ISO Misconceptions

Started Oct 7, 2008 | Discussions thread
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Fred Briggs
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ISO Misconceptions
Oct 7, 2008

Just wanted to start a discussion on the topic of ISO settings on digital cameras, as I feel that there are a lot of misconceptions floating around, at least among a proportion of forum members. This has become increasingly irritating with the recent frenzy over the 5DII and 50D. Of course the following is just my opinion - no doubt if anything I’m about to say is factually inaccurate then I will be swiftly corrected!

Misconception 1: Increasing the ISO setting on digital cameras increases exposure.

Wrong – only larger aperture or longer exposure can increase exposure.

If the sensor is under-exposed with your required shutter and aperture settings at low ISO, it will still be just as under-exposed at a higher ISO setting. I know the camera’s metering will say it isn’t, but it’s lying! So, there is no such thing as a properly exposed high ISO shot.

Misconception 2: Increasing the ISO setting creates additional noise.

Not really – the noise you see at each ISO setting is the same noise that is there all along at base ISO, but just made progressively more visible.

Following on from the first point, you cannot increase real exposure with higher ISO settings, so what the camera is actually doing is taking readings from under-exposed pixels and multiplying them by a set factor for each ISO setting to simulate the reading which would be obtained from a proper exposure. However the higher the ISO setting used, the more under-exposed is the sensor, and therefore the lower the average pixel level signal to noise ratio.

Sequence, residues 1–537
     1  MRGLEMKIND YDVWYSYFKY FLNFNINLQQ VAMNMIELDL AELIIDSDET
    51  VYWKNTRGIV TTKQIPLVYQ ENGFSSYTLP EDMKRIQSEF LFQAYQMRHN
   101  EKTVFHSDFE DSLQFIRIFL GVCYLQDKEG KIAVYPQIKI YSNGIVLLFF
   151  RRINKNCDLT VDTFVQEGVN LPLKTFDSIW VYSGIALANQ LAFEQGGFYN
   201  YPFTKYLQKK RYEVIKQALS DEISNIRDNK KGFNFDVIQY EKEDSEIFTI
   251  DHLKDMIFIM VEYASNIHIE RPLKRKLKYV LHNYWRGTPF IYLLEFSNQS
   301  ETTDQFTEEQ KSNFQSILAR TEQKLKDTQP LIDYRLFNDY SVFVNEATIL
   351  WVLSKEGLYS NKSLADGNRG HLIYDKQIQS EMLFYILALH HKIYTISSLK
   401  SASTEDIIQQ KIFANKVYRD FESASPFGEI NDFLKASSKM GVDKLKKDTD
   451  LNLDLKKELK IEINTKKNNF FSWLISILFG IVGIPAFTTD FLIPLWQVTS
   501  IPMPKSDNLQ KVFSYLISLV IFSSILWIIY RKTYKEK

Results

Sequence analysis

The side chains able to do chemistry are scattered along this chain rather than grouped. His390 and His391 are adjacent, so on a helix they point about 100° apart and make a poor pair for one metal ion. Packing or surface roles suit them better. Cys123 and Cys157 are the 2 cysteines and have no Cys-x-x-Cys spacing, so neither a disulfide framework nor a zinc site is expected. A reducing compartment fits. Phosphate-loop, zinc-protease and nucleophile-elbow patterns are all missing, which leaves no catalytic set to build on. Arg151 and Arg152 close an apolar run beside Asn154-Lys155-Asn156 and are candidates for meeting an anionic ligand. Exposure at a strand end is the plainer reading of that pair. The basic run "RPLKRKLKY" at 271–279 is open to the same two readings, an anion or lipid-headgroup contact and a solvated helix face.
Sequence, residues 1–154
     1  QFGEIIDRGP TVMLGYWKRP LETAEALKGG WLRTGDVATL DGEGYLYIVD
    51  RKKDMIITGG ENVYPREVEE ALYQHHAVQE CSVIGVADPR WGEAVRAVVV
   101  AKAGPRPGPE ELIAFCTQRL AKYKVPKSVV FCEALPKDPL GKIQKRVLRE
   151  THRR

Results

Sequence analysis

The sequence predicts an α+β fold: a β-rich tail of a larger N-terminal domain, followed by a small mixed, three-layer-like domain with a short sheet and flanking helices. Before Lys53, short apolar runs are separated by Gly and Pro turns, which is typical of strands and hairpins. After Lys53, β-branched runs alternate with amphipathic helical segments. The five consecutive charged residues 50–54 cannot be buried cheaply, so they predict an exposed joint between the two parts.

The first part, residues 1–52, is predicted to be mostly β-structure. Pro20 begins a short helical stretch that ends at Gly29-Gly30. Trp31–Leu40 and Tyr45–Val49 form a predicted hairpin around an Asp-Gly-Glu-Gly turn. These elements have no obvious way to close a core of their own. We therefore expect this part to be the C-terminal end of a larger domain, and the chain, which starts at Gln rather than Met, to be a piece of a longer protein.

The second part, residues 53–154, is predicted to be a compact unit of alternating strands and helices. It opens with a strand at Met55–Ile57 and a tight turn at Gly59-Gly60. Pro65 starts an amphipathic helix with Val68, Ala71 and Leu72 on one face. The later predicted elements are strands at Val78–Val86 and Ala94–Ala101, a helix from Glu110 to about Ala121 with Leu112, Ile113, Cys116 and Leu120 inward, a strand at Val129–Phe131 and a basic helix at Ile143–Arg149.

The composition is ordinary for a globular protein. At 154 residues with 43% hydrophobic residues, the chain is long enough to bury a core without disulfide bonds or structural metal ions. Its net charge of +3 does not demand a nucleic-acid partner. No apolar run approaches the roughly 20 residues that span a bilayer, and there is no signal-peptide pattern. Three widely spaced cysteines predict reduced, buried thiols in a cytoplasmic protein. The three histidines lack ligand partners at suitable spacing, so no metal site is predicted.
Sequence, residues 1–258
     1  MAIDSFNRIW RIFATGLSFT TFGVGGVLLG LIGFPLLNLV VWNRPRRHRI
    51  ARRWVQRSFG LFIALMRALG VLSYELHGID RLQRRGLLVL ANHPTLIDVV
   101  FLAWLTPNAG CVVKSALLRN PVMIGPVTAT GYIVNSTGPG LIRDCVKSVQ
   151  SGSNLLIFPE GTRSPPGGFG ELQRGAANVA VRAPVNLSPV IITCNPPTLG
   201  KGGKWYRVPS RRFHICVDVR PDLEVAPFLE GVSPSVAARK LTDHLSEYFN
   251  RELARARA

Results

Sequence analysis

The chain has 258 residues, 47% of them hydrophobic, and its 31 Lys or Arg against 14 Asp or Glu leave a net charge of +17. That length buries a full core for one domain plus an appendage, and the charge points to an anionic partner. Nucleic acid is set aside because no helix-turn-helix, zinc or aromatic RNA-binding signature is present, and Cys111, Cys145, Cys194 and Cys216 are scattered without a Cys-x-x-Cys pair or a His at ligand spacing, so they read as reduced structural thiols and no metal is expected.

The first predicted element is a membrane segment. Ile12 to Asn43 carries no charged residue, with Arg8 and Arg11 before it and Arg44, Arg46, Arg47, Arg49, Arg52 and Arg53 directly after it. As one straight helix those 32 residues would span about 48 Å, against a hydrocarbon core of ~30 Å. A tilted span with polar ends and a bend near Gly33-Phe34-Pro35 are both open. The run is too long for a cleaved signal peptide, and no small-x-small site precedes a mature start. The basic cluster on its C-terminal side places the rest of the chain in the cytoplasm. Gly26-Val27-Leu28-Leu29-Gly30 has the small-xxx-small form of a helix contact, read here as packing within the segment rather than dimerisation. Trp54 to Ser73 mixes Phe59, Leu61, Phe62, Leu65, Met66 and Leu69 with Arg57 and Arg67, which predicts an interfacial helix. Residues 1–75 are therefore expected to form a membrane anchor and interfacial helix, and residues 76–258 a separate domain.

In a properly exposed shot at base ISO the signal due to the light captured swamps that due to the inherent noise, at least in the pixels in most parts of the image, making the effects of the noise virtually invisible. However, that very same noise forms a greater and greater proportion of the readout as ISO settings go up, due to the progressively worse under-exposure at each ISO setting. This of course makes the noise more visible and/or triggers increased noise reduction, both with consequent reductions in image quality.

The key point I'm trying to make is that with each increase in ISO setting there is no increase in noise relative to the signal (or only an insignificant amount). There is just worse under-exposure, and consequently less signal, resulting in a poorer signal to noise ratio.

Misconception 3: Noise should not be visible in correctly exposed images taken at base ISO.

Not necessarily true – although whatever metering is chosen will hopefully be able to set a correct exposure for the important parts of the image, if the scene being captured is not uniformly illuminated, then some parts may well be significantly under-exposed. Readouts from the pixels in these areas will suffer from an inferior signal to noise ratio in just the same way as when the whole image is under exposed and a high ISO setting is used to compensate.

Fred

PS: I'm on UK time and I'm off to bed now, so won't be responding for a few hours ....

 Fred Briggs's gear list:Fred Briggs's gear list
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